Even the limited pro-union policies Biden supported, such as the PRO Act, will require an organized and independent left to represent more than very narrow supports for conservative and undemocratic unions. A sustained and organized struggle of the socialists is necessary for the unions to become vehicles for the construction of classify, rather than simply seeking earnings for particular groups of workers.

Only a strong socialist left can wage a struggle for what André Gorz called the famous, in a 1968 Socialist register essay, “non-reformist reforms”. The challenge for socialists today is to link the struggle for universal health care with a longer-term struggle for a fundamental transformation of the political and economic system.

This requires more than the mere proclamation of socialist good faith. This implies a concrete commitment to building the organizations, consciousness and democratic capacities of the working class to eventually effect a socialist transition. Whether the reforms can serve as the basis for a larger struggle still depends on the lessons learned and the capacities developed along the way. The struggle for universal health care must therefore also be a struggle to democratize unions, develop networks of community activists and build a base for socialist ideas among workers.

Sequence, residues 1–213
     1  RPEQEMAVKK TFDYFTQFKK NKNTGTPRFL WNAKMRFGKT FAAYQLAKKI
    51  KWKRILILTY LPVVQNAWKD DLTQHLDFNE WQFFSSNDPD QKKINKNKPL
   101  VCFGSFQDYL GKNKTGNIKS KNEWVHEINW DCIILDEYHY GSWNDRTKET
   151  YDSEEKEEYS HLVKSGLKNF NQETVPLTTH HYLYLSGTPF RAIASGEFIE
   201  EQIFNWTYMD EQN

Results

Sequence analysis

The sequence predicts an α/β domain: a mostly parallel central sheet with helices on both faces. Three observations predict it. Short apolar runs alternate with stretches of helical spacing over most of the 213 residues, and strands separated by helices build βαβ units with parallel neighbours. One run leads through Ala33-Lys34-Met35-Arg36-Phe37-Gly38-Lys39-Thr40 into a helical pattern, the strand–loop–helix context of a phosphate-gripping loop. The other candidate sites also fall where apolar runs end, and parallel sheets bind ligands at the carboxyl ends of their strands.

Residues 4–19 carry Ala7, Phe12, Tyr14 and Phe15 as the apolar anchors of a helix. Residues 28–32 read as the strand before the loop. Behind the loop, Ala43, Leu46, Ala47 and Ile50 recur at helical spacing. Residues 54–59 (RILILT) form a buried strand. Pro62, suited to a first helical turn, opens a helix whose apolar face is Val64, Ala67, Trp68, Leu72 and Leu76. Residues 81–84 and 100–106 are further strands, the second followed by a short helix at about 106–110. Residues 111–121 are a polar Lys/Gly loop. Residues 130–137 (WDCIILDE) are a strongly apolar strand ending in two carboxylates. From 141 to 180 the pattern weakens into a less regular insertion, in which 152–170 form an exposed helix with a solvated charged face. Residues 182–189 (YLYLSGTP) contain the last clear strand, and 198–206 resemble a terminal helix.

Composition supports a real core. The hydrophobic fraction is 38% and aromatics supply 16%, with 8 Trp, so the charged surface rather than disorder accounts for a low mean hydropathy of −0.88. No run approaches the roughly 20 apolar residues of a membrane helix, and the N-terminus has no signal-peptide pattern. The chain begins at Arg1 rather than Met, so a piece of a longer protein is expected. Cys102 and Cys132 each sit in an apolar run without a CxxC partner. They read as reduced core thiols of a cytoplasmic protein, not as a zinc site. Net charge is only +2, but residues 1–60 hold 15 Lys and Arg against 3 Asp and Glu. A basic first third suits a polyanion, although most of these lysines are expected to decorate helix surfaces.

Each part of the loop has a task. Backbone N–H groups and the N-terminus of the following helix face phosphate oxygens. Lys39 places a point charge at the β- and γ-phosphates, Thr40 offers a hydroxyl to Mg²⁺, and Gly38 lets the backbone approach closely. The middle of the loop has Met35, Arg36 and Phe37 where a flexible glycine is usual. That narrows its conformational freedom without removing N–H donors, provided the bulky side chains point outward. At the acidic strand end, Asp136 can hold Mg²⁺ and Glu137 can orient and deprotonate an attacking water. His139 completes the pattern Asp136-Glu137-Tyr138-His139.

The need for universal health care has become more evident with the pandemic. But the public health crisis has also made it clear that this demand must be expanded to encompass more public control over pharmaceutical companies, which have reaped huge profits due to their ownership of publicly funded medical technologies. And the ecological emergency in the context of the pandemic heightens the urgency to transform our political and economic institutions to enable democratic planning of what we produce and how we produce it.